A: The MFA experience is one way to find a community of motivated, creative types who are interested in creating a vital literary community – and now we want to keep looking for more and more of these types. However, the MFA was also a place where the harsh realities of publishing literary fiction were explained to us. Time and again, we were told that selling short story collections had become a near-impossible task, and that many literary journals were in danger, suffering from little or no official distribution. Instead of acquiescing to these ideas, we decided to take a more active role. With EL, we are now working to create the type of outlet for short fiction that we wish existed.

Q: Don’t you think Michael Cunningham is just dreamy?

A: Yes. Michael is a true charismatic. We’ve been very fortunate that he also believes deeply in our project. Writers like Michael have their choice of places to publish, so it means a lot to us that they trust us with their work.

electric-literature-logosidebarQ: Why is it called Electric Literature and in 1550 when Gilberd discovered electricity, do you think he had a premonition you would exist?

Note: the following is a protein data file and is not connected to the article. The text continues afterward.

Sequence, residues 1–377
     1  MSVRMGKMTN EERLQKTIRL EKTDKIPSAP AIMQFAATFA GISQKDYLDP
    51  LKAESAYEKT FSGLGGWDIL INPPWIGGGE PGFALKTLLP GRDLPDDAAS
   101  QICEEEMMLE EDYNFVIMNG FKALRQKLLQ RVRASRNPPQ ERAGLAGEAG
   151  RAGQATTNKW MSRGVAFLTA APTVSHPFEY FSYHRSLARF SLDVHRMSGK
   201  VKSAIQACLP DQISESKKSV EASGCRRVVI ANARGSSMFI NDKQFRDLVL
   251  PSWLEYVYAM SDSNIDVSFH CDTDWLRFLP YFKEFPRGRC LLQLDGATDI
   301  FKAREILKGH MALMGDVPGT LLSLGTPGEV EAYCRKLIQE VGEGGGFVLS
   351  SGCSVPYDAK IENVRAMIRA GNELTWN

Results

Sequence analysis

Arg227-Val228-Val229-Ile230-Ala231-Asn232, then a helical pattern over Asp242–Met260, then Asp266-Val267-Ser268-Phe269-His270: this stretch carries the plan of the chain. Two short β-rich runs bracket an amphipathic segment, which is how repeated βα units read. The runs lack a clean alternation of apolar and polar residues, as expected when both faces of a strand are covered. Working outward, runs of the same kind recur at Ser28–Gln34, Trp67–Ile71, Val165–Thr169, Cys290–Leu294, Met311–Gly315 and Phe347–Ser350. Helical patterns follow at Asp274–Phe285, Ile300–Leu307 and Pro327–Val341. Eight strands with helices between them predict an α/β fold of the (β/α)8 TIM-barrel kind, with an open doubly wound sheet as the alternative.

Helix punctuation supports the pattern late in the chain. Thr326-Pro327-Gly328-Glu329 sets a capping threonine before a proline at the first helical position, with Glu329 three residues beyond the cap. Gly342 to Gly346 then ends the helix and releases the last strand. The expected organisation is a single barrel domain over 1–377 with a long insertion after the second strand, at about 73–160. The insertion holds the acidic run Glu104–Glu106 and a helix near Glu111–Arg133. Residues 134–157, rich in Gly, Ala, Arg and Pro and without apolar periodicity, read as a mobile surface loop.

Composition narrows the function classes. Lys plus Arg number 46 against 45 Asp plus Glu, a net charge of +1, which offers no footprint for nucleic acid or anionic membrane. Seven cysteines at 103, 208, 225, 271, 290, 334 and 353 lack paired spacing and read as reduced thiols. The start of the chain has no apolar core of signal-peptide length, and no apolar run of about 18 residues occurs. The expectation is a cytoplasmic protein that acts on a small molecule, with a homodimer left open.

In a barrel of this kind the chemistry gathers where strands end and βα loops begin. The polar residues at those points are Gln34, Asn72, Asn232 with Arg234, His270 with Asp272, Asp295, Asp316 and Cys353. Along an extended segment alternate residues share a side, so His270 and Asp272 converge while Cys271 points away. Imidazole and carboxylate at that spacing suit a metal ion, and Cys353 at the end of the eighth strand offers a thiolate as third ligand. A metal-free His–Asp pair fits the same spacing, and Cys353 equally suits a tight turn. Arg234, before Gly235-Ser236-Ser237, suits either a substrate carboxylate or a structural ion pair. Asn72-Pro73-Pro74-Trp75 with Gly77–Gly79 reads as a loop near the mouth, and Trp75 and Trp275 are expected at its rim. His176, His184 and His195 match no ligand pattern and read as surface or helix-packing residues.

A: I bet no one could have imagined that the same thing that makes little zaps if you pet a cat and then touch metal, would one day become a major way of transmitting stories. Electric Literature has a dual meaning: 1) our publishing model involves taking advantage of new media and other electronic means, and 2) we look for stories that are electric, immediately engaging and exciting, with a sense of movement, or, if you will, a charge.

Q: How is the Fictionaut group going? You guys are new around here, welcome, i like you. Hows it going?

A: Good so far, we’re still in the early exploration stage. We’ve poked around the boards, checked out some of the features, and have tried to get the feel of the community. We’re excited to see the creativity happening in the groups and forums. We like the way Fictionaut fosters community between writers, readers, and publishers.

Q: What groups have you noticed if any and do you like how they’re doing their proverbial “thing?”

A: We’ve joined a couple – thematic ones and groups of specific journals. The journal-specific ones have a slightly different feel, but we like being exposed to new journals and communities.

Q: What are you planning to do with the group if anything at all?

A: So far, I like the soapbox/sounding board aspect of the group – I’d like to involve the community in the stuff we’re really interested in: the short story today, how do we make a literary journal with new media methods popping up everyday, what’s a really gripping short story, etc, etc. I also think the groups have a lot of other possibilities as well, and I’m open to exploring.

Q: Tell me anything else here, plug the shit out of yourselves. get it? Plug? Electricity? Oh, nevermind

A: Our new issue is here! We just released a new Short Story Trailer on YouTube! Follow us on twitter (@ElectricLit). Issue two is now officially out. It’s exciting!

Nicolle Elizabeth checks in with Fictionaut Groups every Friday.

  1. 1 The multi-format future » Unstressed